The move to a PaaS offering in the cloud can be more difficult. Only some of them allow for a restore from a native backup. In many other cases, you’re moving the data and structures using some mechanism, possibly involving traditional scripts, data exports and imports, and there are all sorts of places where these processes can go wrong. Assuming you make the migration on this step, you’re still going to need to automate your deployments as well.
So, the places where you need help with the migration vary depending on where and how you’re migrating. You may need a tool to perform the migration. You need a way to validate your data and data structures were successfully migrated. You’re also still going to need to automate your database deployments, even after the migration is done. Finally, after you’ve migrated to the cloud, you’re going to need the ongoing support for building and managing databases that you have when you work locally.
Ways to migrate databases to the cloud
Depending on your database system and cloud platform, there are many possible ways to migrate a database to the cloud. I’ll mention briefly just a few of the common approaches, starting with the easier ones.
For IaaS migrations, probably the most common way to perform a migration is simply to restore a database backup, or there are often simple wizards or other tools to help set up and automate the migration. For Azure offline migrations, for example, you can transfer the backups to Azure Blob Storage and restore them to a Managed Instance. If you have BACPAC you can also migrate to Azure SQL Database. There are also tools that will help you automate the migration, both of the database itself and the server objects that are needed to support its operation.
The Azure Database Migration Service will not only migrate SQL Server but can also move other popular database platforms such as Postgres or even an Amazon RDS instance of SQL Server over to Azure SQL Database, and you can also use it to do online migrations, in some cases.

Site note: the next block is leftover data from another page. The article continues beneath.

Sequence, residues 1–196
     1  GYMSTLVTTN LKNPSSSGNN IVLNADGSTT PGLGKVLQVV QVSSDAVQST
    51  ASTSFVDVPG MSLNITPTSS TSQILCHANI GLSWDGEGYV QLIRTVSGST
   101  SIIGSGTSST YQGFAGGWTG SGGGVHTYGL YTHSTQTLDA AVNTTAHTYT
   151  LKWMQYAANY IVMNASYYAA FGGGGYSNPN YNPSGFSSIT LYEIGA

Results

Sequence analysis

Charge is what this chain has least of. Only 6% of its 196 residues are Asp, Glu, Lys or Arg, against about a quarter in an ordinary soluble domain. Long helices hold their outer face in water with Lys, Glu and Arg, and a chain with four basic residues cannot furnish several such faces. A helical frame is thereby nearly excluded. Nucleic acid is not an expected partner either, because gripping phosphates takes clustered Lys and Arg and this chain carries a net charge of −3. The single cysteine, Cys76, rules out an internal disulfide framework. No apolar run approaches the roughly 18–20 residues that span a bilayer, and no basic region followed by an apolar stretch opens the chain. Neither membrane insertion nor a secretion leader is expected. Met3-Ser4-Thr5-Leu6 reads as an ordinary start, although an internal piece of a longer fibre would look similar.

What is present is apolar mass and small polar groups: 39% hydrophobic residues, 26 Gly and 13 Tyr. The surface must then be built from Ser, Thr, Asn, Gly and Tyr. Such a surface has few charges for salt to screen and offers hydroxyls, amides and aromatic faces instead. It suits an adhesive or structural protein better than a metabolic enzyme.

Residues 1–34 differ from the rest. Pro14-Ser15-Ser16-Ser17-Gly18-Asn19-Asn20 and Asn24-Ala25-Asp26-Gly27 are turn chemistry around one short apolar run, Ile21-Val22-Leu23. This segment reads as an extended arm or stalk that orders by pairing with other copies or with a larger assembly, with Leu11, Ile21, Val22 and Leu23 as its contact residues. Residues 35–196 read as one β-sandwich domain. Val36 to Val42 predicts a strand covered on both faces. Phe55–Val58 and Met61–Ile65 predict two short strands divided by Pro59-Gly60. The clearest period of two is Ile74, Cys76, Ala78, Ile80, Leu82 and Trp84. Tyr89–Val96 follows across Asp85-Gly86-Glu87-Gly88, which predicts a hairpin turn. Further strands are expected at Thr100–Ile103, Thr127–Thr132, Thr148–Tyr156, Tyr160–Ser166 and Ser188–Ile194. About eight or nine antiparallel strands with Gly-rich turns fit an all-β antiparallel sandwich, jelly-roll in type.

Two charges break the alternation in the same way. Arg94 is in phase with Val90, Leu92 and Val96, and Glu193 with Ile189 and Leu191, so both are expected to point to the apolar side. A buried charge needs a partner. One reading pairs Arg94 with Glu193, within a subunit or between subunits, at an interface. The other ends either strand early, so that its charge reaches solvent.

However, there may be migrations where a simple Backup-Restore approach isn’t possible. In these cases, a database migration becomes a bit like an extreme form of database deployment except we now need to deal with bulk data transfers, moving existing server processes, and so on. This means that the tools you use require a more complex process, such as scripting out the database and then bulk copying, transferring, and importing the data. More can go wrong here. Classes of objects, such as triggers, can be missed in the scripting process, constraints can accidentally be left disabled, for example. Then, the data migration itself, depending on the tools used, may fail, in whole or in parts.
You need to verify that the migration worked exactly as you intended. So, what do you need to check?
Validating the cloud migration
Many of the checks that you need to perform to verify a cloud migration are the same as those that you need to perform to ensure that a deployment worked as you expected, and that all the database objects and data are in exactly the right state. You may also want to run your suite of automated tests on the migrated database, just as you would as part of a standard database deployment process.
You’ll also want to perform ongoing monitoring of the cloud database, to validate the overall success of the migration and its impact on performance and throughput.